Photo: Yuli Cai's installation reimagines an ancient Chinese chime and percussion instrument

The totally unexpected sounds of 21st Century computer-generated music from NYU’s New Interfaces for Musical Expression.

More than 40,000 years after Homo Sapiens fashioned a crude flute out of vulture bones and mammoth ivory, the human impulse to generate fresh sounds in imaginative ways is alive and well at the Tisch School of the Arts’ Interactive Telecommunications Program (ITP). There grad students design one-of-a-kind digital musical instruments as part of a second-year course called New Interfaces for Musical Expression (NIME). At the end of the term, an off-campus showcase answers the many questions surrounding the enigmatic projects that have been occupying the classroom at 721 Broadway. “We’re pretty cramped up on the 4th floor and the whole semester you see what everybody’s building but you’re not exactly sure what [they] will do,” says Matt Romein (TSOA, ’16), an NIME alum who stayed on for a year to help out as resident researcher. “It becomes this kind of buildup and you want to go to the show and find out.”

Photo: student playing their digital musical instrument

The dynamic results are a far cry from the sedentary electronica concerts of yore (or at least the ’70s and ’80s). “Performers basically sat at a table looking into a laptop computer and typing on their keyboard, and that can [be] powerful,” says adjunct professor and NIME instructor Greg Shakar (GAL, ’94; TSOA, ’01). “[But] one main motivation behind the course was to explore ways we can use the tools of computers and modern technology and electronics like musical instruments [and put on] really compelling performances.”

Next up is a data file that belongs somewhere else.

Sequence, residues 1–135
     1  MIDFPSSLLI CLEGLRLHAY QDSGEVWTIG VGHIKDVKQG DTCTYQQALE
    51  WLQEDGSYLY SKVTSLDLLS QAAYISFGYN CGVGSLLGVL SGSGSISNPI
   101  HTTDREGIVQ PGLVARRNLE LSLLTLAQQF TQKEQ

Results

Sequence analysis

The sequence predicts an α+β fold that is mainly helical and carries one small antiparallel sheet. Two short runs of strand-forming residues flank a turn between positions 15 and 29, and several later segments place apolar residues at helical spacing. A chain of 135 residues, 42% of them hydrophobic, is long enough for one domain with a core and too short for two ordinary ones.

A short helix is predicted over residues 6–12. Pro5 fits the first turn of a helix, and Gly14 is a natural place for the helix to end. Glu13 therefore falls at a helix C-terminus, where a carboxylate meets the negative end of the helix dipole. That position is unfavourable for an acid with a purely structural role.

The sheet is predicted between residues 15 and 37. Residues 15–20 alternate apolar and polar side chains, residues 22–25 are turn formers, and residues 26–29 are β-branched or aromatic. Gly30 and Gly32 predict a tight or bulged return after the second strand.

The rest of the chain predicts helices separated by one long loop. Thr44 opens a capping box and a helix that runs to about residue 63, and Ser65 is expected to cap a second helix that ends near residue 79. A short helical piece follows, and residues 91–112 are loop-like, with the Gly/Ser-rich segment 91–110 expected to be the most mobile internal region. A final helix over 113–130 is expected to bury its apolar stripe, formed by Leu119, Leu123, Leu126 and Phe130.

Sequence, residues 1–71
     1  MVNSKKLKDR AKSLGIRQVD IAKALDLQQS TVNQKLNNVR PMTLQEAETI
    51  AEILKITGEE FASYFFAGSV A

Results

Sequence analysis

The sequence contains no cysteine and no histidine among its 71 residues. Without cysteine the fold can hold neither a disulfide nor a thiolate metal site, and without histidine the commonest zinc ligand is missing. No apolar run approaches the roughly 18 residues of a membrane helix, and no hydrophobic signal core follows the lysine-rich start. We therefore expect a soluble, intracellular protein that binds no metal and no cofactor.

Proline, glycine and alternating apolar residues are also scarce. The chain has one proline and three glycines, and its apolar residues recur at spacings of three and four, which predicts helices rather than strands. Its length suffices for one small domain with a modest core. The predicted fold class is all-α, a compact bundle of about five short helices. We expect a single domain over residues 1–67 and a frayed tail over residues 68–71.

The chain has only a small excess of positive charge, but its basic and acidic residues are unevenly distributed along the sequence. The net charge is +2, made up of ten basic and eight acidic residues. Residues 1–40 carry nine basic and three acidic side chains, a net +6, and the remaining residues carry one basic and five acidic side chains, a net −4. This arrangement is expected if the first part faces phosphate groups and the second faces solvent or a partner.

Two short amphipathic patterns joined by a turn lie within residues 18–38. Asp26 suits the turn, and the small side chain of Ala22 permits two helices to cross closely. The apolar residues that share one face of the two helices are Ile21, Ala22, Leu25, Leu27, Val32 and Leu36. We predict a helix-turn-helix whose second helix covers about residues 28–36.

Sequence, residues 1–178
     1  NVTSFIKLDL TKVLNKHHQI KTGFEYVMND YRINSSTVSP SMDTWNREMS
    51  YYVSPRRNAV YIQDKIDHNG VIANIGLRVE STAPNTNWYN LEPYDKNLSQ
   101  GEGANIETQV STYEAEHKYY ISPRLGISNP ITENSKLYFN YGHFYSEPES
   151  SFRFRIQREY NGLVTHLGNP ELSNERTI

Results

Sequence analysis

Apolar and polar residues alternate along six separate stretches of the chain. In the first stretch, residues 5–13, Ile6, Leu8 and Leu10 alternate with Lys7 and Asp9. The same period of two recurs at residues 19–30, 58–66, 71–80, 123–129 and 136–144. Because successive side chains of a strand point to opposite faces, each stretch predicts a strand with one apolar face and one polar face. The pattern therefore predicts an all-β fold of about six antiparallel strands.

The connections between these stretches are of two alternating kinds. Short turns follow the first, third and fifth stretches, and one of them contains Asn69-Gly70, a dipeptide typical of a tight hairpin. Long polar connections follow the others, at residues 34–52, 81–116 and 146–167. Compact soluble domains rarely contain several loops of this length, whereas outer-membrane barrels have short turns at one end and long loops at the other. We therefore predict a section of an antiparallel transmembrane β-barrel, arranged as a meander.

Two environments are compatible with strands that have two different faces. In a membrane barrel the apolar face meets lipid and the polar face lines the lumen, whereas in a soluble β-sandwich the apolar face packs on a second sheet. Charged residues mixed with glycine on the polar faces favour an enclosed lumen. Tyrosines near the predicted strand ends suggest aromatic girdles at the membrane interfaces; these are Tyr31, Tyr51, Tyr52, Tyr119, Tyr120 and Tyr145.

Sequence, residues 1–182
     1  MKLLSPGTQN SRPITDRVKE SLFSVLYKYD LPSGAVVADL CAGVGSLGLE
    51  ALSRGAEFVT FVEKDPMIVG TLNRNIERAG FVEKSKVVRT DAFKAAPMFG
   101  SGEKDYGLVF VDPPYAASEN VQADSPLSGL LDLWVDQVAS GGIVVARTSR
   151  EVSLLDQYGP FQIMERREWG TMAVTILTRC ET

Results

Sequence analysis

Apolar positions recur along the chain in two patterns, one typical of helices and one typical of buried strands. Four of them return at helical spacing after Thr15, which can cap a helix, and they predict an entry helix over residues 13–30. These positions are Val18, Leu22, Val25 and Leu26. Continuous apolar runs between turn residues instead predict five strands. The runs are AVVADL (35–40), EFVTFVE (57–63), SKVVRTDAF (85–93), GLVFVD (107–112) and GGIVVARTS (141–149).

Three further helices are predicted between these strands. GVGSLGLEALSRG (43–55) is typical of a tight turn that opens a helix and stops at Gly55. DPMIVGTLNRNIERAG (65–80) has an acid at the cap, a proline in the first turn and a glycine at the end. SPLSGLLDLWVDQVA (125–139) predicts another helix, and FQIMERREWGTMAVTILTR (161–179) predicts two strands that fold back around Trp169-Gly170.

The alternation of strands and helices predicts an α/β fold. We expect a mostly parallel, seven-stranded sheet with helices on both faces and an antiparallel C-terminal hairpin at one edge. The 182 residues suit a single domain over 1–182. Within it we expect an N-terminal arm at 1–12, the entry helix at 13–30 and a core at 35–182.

The dynamic results are a far cry from the sedentary electronica concerts of yore (or at least the ’70s and ’80s).

Among the revelatory moments shared by the enthusiastic crowd at Brooklyn art space Littlefield last December was Yuli Cai's “waterFalse.” The installation/performance reimagined an ancient Chinese chime and percussion instrument. By pulling strings attached to repurposed salad spinners, the artist triggered four digitally-recorded sounds—wind, singing monks, matouqin (a two-stringed Mongolian instrument) and female opera vocals—while simultaneously playing acoustic audio of swirling water. Each string also released fog into the air above the stage onto which was projected video of rippling water.

Photo: student mixing sounds from his digital musical instrument

Such resourcefulness is all the more impressive given that most of the performers have never taken the stage or a music lesson before (although they all have at least one year of ITP study under their belts, including Introduction to Physical Computing and Introduction to Computational Media). “The program really values having students with a wide range of backgrounds,” says Shakar. Which means there’s a lot to cover. “We talk very quickly about the elements of music,” he says. “What is rhythm, what is timbre, what is melody, structuring a piece, music theory, and composition. It’s a crash course in everything.”

So what components go into making a fascinating and engaging instrument? “One is the interface, the physical gestures the performer uses to play music,” says Shakar. “Another is the sound it will make. And sometimes those elements can be connected. But ultimately, a successful project conveys a sense of amazement or fascination or even just a particular artistic idea to an audience,” he says. “And I have to say, the students amaze me every semester.”